Response from MAAH

Hi everyone!

Thanks for signal boosting this particular issue. I did get a response from Diana Parcon at the Museum of African American History. Our exchange is below.

Access is for everyone!


Dear Dr. Pickens,

On behalf of the National Park Service and the Museum of African American History, we would like to express our sincere regret that the experience you had at the Museum on September 15th was less than stellar. Please be assured the National Park and the Museum strive to treat every visitor with respect, and honor the history we serve.

We take visitor comments very seriously, and your letter addressed many concerns for which we are taking immediate steps to remedy.  All of the park rangers, interns and volunteers who work at the Museum will be coached in customer service skills and their public programs audited for content, accuracy and delivery.  As you, so correctly state in your letter, the African Meeting House is a site that carries a considerable cultural weight and the depth of the meaning of it and the people who shaped our history there need to be conveyed to all who visit.

Effective immediately all Museum and Park Service staff will be trained in the proper use and operation of the wheelchair lift so that all who visit will be able to share in the experience comfortably.  Because the building is historic, making modifications to improve accessibility is restricted.  Beacon Hill as a historic community has further restrictions as to how and where we can place informational and directional signs.

Again, we are deeply sorry that your visit to the Museum was less than excellent.  We thank you for sharing your thoughts and concerns with us.  Your feedback will help us improve our services to the public. We would like to offer you free admission on a future visit to the Museum.  We hope that you and your students will visit us again.


Cidney Webster, Supervisory Park Ranger, National Park Service

Diana  C. Parcon, Director of Facility Operations, Museum of African American History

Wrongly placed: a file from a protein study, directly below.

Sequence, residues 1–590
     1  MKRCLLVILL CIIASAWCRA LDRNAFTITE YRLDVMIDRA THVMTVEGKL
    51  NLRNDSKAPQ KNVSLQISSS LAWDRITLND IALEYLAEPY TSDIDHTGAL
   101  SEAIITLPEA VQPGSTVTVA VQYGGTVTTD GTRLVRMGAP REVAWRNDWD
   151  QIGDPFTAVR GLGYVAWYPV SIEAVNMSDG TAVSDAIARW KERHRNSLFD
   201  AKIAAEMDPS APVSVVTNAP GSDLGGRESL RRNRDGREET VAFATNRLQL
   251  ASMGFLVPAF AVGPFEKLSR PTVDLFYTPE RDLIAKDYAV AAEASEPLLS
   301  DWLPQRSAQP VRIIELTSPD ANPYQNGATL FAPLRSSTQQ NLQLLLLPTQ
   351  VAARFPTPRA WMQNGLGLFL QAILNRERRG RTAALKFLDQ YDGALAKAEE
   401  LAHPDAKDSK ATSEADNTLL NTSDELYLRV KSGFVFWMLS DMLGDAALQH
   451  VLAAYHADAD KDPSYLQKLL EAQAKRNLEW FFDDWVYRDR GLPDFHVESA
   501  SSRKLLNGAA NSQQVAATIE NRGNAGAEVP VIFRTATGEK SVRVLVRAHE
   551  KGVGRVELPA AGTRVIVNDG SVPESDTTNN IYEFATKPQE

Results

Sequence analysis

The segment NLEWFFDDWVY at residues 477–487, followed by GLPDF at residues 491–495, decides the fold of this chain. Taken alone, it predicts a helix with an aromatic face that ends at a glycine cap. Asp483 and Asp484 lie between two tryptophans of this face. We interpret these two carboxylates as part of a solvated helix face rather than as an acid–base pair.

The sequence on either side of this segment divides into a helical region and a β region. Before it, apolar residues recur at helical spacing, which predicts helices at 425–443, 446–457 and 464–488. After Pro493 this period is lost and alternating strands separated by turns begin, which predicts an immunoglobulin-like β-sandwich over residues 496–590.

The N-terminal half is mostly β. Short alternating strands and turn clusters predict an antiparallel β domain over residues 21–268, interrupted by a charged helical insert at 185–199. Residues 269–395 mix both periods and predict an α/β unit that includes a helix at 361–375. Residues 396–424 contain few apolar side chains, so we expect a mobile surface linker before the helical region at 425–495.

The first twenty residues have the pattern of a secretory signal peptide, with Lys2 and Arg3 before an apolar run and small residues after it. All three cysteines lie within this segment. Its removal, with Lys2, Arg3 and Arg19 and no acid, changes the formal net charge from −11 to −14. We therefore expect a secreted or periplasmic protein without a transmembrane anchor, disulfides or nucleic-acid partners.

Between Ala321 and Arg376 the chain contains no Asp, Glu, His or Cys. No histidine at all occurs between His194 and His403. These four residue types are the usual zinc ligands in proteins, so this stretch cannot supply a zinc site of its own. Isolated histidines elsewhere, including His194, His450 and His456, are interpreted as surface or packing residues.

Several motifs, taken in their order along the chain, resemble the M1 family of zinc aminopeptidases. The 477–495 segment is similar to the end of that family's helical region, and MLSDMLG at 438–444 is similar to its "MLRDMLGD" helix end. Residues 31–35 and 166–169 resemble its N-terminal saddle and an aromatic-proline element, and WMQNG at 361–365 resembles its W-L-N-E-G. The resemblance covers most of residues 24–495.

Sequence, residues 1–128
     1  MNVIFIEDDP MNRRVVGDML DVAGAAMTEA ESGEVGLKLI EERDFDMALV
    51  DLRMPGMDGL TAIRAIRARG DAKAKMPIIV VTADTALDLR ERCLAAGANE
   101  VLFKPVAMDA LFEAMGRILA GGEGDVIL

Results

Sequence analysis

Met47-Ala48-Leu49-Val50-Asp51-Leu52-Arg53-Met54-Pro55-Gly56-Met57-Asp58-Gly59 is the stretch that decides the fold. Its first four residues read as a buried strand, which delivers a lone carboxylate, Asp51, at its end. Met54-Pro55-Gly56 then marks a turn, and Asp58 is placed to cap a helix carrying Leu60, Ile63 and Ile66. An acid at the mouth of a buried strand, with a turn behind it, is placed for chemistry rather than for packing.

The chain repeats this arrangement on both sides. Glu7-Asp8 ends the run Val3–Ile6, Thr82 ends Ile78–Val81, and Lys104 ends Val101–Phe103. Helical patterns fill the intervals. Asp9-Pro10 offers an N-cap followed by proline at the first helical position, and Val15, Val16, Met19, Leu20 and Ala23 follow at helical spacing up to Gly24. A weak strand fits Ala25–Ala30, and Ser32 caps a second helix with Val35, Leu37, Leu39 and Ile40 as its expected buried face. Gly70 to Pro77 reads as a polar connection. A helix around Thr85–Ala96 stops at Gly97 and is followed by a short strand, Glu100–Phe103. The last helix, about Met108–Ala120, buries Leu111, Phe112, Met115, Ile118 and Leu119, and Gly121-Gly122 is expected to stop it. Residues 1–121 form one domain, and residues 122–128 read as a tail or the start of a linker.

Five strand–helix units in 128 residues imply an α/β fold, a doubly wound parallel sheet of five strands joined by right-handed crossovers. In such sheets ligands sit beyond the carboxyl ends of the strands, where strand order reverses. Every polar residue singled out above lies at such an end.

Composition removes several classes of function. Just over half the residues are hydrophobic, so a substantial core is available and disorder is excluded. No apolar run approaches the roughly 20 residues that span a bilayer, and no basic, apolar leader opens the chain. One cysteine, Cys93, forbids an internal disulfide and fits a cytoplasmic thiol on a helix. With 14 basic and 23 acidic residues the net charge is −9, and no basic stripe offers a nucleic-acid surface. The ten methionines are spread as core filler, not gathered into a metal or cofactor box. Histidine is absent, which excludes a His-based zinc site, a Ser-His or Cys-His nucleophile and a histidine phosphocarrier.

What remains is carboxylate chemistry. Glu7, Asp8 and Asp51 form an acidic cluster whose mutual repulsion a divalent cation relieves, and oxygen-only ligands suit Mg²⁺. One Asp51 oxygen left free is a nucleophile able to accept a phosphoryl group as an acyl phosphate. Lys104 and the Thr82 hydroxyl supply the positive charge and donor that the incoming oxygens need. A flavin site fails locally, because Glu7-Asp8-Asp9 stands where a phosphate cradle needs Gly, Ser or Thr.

This was my response:

Dear Diana Parcon,

Thank you for your reply.

I can appreciate the efforts you’ve taken to ensure that this does not happen again. I’m certain that you’ll find a way to make MAAH accessible given the constraints of historic Beacon Hill. As you can tell from this experience, access is for everyone.

I have cc’d the other professors who were present. They and I will certainly take advantage of the free admission you’ve offered to us and our students. We will arrange another trip to the museum next term.

We look forward to seeing you.

All best,

Dr. Pickens

About TAPPhD

Therí A. Pickens received her undergraduate degree in Comparative Literature from Princeton University (P'05) and her PhD in Comparative Literature from UCLA (2010). Her research focuses on Arab American and African American literatures and cultures, Disability Studies, philosophy, and literary theory. She recently published her first book, New Body Politics (Routledge, 2014), which investigates the role of the material body in constructing social and political critique. Her critical work has appeared in Disability Studies Quarterly, Al-Jadid, Journal of Canadian Literature, Al-Raida, and, the ground-breaking collection, Blackness and Disability: Critical Examinations and Cultural Interventions. Currently, she is an Assistant Professor of English at Bates College. She is also a creative writer. Her poetry has appeared in Black Renaissance/Renaissance Noire, Save the Date, and Disability Studies Quarterly. Her drama has been performed at the NJ State Theater. She offers courses on Arab American and African American literature. In her introductory courses, she seeks to provide students with information and skills that will enable and empower them to critically and constructively engage difficult topics like race, sexuality, gender, disability, and class. In her upper division courses, she pushes students to synthesize their knowledge from other classes and expand their critical thinking repertoires.
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